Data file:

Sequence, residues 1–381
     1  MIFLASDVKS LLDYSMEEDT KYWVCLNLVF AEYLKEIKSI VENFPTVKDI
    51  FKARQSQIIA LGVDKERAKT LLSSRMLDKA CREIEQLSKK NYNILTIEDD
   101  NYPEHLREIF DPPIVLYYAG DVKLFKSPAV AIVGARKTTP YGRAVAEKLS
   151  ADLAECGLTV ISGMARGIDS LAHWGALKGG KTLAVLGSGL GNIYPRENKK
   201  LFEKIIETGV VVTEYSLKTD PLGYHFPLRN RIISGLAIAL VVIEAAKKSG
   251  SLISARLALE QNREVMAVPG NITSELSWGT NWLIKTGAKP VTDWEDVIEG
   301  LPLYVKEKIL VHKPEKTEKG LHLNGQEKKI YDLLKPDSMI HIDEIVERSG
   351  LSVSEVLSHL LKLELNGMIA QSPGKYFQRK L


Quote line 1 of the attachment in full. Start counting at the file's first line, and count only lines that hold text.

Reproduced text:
Sequence, residues 1–381